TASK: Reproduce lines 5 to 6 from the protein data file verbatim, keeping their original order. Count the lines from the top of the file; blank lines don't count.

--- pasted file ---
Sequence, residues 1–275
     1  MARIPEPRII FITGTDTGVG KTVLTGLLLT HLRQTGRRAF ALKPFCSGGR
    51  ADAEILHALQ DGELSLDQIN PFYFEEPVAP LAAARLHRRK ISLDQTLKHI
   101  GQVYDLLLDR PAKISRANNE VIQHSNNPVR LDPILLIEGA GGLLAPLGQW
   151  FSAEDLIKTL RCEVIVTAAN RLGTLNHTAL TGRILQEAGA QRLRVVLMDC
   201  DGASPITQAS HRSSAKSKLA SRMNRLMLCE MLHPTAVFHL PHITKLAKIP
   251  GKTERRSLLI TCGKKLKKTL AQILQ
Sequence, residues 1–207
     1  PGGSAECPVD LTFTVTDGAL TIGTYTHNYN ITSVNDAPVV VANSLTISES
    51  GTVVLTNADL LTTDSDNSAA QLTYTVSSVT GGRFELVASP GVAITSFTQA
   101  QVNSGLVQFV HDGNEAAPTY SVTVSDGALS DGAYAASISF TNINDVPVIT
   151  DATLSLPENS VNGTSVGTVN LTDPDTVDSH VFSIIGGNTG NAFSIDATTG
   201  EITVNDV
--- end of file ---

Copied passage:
   151  FSAEDLIKTL RCEVIVTAAN RLGTLNHTAL TGRILQEAGA QRLRVVLMDC
   201  DGASPITQAS HRSSAKSKLA SRMNRLMLCE MLHPTAVFHL PHITKLAKIP